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Remorse or Repentance?

God calls us to go beyond “I’m sorry.”

A woman buries her face in her hands while weeping.

 

”If you’re excusing your sin when you talk about it, you’re not in a state of repentance.”

—Mark Jobe

THIS WEEK’S BOLD STEP DEVOTION


“Create in me a pure heart, O God, and renew a steadfast spirit within me.” (Psalms 51:10).

Psalm 51 is one of the most powerful passages in the Bible for its words on the power of repentance. Here we have a snapshot of a pivotal moment in the life of King David as he’s going through the process of remorse and true repentance for his wrongdoings. There’s a big difference between remorse and repentance, and people confuse them all the time. Do you know the difference?

Suppose you’re driving down the highway and get pulled over by the state police. Most of us are immediately remorseful because we got caught breaking the speed limit. However, that’s not real repentance. True repentance is being sorry enough to stop what you’re doing and change your behavior which, in this case, would mean driving the speed limit whenever you’re behind the wheel for the foreseeable future.

Repentance and being sorry are not synonymous. They may look the same at first, but after a time, the blame game reveals a person’s true heart. When we’ve wronged someone, repentance means we acknowledge that we’re the victimizer, not the victim. We then take steps to change the way we think about the wrong we did.

There are three key markers of repentance that we can glean from David’s confession:

  1. Repentance requires a humble confession instead of defensive excuses.
  2. Repentance involves personal responsibility instead of dodgy blame-shifting.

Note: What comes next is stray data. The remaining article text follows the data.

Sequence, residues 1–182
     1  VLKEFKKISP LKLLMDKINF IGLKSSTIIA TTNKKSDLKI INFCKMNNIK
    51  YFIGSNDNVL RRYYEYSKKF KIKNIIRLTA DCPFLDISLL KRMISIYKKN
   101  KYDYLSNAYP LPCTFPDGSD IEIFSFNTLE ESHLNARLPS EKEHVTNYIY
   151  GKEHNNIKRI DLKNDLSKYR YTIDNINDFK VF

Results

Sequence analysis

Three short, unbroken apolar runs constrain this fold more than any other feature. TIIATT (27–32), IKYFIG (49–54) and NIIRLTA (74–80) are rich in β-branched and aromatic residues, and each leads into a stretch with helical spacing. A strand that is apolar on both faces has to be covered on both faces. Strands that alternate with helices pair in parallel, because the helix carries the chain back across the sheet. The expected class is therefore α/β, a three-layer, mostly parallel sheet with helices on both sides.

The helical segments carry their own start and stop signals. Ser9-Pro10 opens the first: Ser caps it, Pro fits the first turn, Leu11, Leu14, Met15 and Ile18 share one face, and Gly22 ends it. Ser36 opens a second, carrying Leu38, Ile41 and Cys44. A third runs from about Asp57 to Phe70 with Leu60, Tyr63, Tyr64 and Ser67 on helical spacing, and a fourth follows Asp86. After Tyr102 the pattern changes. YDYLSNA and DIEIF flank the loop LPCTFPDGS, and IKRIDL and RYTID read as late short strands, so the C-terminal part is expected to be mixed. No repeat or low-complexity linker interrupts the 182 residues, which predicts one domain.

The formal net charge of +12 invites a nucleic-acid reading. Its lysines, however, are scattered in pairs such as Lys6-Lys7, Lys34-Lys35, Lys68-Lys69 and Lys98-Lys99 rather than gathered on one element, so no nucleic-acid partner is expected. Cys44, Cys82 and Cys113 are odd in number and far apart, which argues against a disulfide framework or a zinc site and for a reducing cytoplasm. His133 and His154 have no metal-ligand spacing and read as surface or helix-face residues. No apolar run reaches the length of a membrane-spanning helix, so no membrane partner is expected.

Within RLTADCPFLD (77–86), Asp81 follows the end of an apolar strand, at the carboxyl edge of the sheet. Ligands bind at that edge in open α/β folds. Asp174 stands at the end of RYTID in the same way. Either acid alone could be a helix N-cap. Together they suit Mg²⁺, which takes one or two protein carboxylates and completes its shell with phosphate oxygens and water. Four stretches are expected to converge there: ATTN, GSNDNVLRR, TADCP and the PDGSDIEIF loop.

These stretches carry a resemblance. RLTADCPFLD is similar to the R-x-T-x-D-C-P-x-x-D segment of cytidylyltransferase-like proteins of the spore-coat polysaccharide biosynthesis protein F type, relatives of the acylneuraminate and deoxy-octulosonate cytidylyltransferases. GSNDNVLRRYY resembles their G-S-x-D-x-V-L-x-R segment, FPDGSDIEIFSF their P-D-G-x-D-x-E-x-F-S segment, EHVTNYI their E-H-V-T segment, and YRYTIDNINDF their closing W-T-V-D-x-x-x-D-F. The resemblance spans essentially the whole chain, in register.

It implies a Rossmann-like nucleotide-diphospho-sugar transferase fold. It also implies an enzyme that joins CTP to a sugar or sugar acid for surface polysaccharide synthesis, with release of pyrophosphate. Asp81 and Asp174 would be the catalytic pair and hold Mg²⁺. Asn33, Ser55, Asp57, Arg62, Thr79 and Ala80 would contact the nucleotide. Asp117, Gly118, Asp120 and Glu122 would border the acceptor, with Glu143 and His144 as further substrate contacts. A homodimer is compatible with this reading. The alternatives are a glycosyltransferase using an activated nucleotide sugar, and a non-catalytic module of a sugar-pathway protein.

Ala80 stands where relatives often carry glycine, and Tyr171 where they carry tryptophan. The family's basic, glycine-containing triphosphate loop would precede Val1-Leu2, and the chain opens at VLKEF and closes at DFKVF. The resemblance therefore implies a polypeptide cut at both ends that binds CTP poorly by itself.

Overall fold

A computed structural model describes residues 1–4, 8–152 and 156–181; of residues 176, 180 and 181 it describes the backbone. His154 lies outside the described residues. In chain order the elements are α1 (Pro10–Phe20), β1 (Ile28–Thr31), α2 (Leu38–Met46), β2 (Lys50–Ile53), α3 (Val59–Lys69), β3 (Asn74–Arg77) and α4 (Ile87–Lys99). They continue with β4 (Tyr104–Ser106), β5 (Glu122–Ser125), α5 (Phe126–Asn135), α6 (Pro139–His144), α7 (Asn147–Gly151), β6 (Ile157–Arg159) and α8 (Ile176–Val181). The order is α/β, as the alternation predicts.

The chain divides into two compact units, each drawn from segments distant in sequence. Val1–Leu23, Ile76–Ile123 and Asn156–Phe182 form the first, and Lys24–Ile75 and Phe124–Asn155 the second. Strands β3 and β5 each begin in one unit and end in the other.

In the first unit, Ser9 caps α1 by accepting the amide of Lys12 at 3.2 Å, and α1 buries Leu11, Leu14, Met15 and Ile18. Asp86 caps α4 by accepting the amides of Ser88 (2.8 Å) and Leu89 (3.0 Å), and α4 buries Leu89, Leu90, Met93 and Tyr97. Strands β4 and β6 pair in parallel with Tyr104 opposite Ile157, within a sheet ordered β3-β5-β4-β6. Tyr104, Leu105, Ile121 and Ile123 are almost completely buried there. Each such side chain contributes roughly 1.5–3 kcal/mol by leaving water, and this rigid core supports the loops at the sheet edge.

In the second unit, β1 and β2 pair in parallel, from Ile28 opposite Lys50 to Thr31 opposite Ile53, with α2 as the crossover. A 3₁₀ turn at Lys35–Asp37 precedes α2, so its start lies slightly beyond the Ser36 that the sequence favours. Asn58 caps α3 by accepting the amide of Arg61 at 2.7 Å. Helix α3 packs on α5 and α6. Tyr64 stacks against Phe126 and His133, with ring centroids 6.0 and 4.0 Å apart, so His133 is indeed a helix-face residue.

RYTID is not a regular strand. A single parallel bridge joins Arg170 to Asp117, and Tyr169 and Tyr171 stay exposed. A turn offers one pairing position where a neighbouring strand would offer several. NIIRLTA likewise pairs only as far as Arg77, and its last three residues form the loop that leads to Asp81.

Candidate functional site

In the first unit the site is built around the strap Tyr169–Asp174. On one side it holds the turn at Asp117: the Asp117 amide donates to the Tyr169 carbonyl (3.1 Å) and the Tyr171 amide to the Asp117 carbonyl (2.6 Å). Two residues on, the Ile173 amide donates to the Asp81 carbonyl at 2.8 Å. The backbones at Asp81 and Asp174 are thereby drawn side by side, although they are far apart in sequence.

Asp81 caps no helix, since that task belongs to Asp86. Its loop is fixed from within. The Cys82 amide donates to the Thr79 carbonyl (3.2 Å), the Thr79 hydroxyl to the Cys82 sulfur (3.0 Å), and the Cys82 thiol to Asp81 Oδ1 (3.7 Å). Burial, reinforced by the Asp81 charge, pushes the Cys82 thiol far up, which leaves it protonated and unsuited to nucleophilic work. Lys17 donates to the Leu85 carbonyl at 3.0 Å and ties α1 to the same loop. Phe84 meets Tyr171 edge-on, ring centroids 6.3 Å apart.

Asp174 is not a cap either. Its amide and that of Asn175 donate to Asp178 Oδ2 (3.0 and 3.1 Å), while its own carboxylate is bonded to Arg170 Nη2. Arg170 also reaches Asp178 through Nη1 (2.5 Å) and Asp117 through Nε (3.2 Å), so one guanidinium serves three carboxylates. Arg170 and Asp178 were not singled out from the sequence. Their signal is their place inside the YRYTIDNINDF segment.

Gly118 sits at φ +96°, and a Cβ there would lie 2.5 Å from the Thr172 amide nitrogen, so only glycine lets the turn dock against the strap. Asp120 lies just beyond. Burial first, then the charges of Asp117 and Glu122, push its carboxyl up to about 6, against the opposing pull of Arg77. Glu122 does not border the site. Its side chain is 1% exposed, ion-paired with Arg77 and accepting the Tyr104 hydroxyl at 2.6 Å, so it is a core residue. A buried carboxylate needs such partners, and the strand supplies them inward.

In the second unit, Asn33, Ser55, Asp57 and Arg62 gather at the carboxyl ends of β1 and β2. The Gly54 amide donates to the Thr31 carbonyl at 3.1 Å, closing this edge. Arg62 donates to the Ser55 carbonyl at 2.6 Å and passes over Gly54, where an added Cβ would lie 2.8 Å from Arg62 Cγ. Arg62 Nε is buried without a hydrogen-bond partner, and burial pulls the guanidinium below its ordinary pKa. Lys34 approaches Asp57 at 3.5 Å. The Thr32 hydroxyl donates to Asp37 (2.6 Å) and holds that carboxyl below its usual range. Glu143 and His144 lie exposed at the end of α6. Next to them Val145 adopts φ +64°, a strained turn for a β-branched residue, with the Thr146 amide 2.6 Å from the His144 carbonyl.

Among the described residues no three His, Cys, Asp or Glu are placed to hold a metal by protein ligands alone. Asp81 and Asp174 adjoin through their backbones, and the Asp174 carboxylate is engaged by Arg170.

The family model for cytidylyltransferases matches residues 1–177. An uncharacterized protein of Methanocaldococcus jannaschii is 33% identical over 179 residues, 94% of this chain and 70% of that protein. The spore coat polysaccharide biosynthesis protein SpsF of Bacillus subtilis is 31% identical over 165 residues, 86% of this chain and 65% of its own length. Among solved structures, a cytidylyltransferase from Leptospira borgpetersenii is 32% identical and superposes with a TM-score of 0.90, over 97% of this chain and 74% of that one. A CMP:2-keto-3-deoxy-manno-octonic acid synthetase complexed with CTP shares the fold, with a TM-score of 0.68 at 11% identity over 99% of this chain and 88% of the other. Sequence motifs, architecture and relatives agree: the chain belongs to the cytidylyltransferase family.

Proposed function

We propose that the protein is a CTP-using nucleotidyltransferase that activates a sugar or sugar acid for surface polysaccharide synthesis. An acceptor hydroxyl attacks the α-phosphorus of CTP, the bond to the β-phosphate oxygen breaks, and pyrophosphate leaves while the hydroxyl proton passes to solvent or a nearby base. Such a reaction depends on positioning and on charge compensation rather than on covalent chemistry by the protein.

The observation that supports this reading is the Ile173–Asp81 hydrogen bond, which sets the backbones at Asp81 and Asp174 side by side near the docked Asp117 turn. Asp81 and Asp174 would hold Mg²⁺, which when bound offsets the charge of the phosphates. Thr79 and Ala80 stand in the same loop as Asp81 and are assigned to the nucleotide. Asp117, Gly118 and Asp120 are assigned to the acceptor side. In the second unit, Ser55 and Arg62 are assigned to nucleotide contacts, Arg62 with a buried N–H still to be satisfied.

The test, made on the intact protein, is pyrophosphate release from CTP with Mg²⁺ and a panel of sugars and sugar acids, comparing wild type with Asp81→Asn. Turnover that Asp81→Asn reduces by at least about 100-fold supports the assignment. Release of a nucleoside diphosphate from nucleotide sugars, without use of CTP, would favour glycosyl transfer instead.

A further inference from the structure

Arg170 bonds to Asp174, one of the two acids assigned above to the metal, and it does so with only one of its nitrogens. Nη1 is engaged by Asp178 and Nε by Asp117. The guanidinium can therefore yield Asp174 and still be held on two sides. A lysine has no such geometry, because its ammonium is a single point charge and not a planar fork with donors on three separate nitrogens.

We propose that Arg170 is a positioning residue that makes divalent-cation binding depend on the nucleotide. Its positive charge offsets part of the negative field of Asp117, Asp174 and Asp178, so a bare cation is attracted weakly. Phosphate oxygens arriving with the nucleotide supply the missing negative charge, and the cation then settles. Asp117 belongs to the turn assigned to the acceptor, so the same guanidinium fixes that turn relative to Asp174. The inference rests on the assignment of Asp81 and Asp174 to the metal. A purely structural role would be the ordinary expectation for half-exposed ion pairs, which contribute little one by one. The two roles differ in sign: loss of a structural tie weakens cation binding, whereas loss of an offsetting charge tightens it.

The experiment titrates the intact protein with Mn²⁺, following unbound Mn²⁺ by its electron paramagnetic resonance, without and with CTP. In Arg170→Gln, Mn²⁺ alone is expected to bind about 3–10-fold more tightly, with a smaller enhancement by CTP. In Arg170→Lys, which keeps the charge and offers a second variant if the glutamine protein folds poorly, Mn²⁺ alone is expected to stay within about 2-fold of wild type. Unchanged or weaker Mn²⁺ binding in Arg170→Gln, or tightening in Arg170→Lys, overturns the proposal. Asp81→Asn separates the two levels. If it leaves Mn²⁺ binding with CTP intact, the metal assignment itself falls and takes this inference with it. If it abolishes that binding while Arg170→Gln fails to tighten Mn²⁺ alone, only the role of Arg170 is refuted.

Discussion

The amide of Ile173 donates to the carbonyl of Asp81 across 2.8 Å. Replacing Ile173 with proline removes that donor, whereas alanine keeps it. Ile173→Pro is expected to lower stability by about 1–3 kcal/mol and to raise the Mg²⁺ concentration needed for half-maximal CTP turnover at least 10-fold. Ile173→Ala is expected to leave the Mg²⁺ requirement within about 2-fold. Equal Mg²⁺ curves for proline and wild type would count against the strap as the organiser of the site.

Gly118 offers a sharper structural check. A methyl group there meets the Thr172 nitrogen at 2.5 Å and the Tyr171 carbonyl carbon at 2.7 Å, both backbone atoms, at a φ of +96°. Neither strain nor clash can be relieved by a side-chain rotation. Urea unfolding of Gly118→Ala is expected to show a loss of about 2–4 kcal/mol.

3. Repentance requires deep, honest cleaning instead of cheap relief.

Friend, anyone can feel sorry for what they’ve done, but when we make a U-turn from our sinful ways and seek forgiveness from God, that’s the benchmark for a true Christ follower.

Listen to the sermon series: Repetence here

Part 1Part 2

Ministry Update from Mark


A few weeks ago, I, along with Pastor James Ford and Pastor Nick Gatzke, had the privilege of speaking to some 1,200 men at Moody Bible Institute’s Walk Worthy Men’s Conference in Canton, Ohio. We were so encouraged by the stories of bold obedience men had taken in the last 12 months! When you commit to live boldly for God in your life, it can make all the difference! Remember “A bold step to take, a cycle to break, a legacy to make.”

Next Step Gift


The Loudest Road: Living in the Unshakable Victory of Christ

The Loudest Roar

Living in the Unshakable Victory of Christ

by Judy Dunagan

Some fears have a way of choking out our hope, our confidence, and even our faith. That’s why Judy Dunagan wrote The Loudest Roar, a book that takes readers beyond the lies of our Enemy and into the unshakable truth of God’s Word. So, if you’d like to reclaim the peace, power, and presence of our victorious God and start walking in victory today—no matter what your battle may be—we want to send you this encouraging book!


Request a Copy with Your Bold Step Gift Today!

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